The weird, and often damaging treatments offered by unregulated wellness retreats.
“Optics remained everything for a company that spent as much as it brought in – and usually more. The bills kept racking up: by late 2015, expenses were $414 million, and in the first half of 2016, it was losing $1 million a day, so Neumann tried to level off the losses by firing seven percent of his workforce. He couldn’t ask them to pack up their desks, obviously – that wouldn’t be WeWork. So instead he relayed the news at a company meeting as trays of tequila shots were handed out, and Darryl McDaniels of Run-DMC performed It’s Tricky to bewildered staff.”
“The drug gangs that are waging war in the Latin American country rely on a surprising ritual to protect them from harm: a witch’s incantation.”
How Jacqueline Susann feverishly promoted Valley of the Dolls into a major bestseller.
The Hatton Garden raid was meticulously planned and orchestrated, but its perpetrators were still caught. The average age of the burglars was 66, all aging members of London’s criminal aristocracy. Is the old school heist a thing of the past in today’s interconnected age of CCTV and GPS-tagged pictures?
An obituary for Britain’s best-known brothel keeper.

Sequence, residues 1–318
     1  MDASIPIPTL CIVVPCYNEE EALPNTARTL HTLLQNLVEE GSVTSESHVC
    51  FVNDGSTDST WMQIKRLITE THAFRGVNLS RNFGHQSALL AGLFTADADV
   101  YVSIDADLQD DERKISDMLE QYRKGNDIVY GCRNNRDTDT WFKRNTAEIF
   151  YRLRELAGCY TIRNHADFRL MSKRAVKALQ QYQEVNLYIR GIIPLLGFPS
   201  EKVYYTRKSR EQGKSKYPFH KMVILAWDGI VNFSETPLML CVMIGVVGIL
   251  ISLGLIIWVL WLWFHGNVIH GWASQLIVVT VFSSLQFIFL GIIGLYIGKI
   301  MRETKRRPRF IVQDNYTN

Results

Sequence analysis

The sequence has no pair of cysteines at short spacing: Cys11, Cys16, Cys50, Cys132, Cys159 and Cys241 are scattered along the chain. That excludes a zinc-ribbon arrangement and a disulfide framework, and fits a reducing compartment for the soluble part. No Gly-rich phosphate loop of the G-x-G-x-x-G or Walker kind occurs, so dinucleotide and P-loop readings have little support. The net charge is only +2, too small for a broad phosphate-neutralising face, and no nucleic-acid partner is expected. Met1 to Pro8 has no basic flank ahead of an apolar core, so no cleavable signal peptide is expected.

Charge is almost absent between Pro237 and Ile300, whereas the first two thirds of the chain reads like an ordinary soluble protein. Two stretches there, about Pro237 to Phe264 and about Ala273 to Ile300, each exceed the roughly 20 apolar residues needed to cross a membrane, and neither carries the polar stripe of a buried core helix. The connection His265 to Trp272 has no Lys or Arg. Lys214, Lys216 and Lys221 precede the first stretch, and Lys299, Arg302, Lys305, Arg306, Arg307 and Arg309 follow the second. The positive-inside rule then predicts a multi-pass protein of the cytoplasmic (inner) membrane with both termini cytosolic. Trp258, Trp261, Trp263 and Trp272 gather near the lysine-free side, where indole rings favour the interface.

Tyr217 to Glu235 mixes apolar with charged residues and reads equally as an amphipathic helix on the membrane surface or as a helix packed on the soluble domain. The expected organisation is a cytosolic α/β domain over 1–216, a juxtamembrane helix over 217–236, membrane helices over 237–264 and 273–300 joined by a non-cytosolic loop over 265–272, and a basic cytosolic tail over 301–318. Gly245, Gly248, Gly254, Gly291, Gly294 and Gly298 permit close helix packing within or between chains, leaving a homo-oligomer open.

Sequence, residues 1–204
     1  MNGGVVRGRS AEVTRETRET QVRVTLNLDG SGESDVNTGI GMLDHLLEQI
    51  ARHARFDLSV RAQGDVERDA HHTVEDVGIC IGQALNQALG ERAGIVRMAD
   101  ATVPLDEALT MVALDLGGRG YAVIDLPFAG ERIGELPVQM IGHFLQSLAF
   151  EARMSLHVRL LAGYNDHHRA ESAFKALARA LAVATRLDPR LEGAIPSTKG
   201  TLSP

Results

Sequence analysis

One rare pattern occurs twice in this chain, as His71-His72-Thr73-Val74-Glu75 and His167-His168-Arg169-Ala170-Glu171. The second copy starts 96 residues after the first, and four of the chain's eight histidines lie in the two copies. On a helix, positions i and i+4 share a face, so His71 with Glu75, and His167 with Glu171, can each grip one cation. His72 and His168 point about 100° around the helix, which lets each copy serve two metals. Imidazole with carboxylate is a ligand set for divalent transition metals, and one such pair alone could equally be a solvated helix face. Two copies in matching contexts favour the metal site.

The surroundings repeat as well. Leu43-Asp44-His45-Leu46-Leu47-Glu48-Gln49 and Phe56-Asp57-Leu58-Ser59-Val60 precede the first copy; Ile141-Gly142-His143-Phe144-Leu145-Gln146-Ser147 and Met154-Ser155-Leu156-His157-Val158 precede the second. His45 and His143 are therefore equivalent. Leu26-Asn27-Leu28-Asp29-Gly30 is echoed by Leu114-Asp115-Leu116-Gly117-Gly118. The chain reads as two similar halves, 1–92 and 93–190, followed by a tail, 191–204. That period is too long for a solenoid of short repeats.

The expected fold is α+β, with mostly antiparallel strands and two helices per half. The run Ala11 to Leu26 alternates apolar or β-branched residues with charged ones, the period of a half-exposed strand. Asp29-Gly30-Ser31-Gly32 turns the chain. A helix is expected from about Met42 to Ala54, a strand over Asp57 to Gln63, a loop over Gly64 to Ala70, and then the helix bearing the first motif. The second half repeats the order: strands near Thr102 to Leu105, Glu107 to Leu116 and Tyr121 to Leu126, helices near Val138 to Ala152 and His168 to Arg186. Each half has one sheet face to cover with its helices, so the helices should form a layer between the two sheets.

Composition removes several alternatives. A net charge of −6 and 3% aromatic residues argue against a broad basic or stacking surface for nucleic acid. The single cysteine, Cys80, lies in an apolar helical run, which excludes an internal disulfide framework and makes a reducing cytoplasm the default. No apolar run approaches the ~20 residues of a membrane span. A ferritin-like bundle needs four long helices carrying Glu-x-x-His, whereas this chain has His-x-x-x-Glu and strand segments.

When Germany legalised prostitution in 2002 it triggered an apparently unstoppable growth in the country’s sex industry. It’s now worth 15 billion euros a year and embraces everything from 12-storey mega-brothels to outdoor sex boxes. But has any of this brought about better conditions for sex workers?
An art dealer diagnosed with kidney cancer formulates a plan to bury some of his treasure and leave clues to its whereabouts in a self-published book:
“Dal Neitzel is just one of hundreds of people who have contacted Fenn to let him know they’ve been searching for his haul. Before he set out, after poring through historical books and scouring maps, Neitzel, a 65-year-old former TV cameraman, convinced himself the treasure was in the Rio Grande Gorge in New Mexico, close to the border with Colorado. Remarkably, he’d managed to locate a large house on the edge of a steep drop that overlooked a gushing river. Outside that house was a sign that read: “Brown.” He read Fenn’s poem aloud again: ‘Put in below the home of Brown.’ That had to be it.”
On her first morning of school, September 4 1957, Elizabeth Eckford’s primary concern was looking nice. Her mother had done her hair the night before; an elaborate two-hour ritual, with a hot iron and a hotter stove, of straightening and curling. Then there were her clothes. People in black Little Rock knew that the Eckford girls were expert seamstresses; practically everything they wore they made themselves, and not from the basic patterns of McCall’s but from the more complicated ones in Vogue. It was a practice borne of tradition, pride, and necessity: homemade was cheaper, and it spared black children the humiliation of having to ask to try things on in the segregated department stores downtown. In the fall of 1957, Elizabeth was among the nine black students who had enlisted, then been selected, to enter Little Rock Central High School.
Long before the books of Stieg Larsson and Henning Mankell shone a light on Sweden’s dark underbelly, there was the murder of Catrine da Costa. It’s a case that continues to shock, baffle and divide the nation.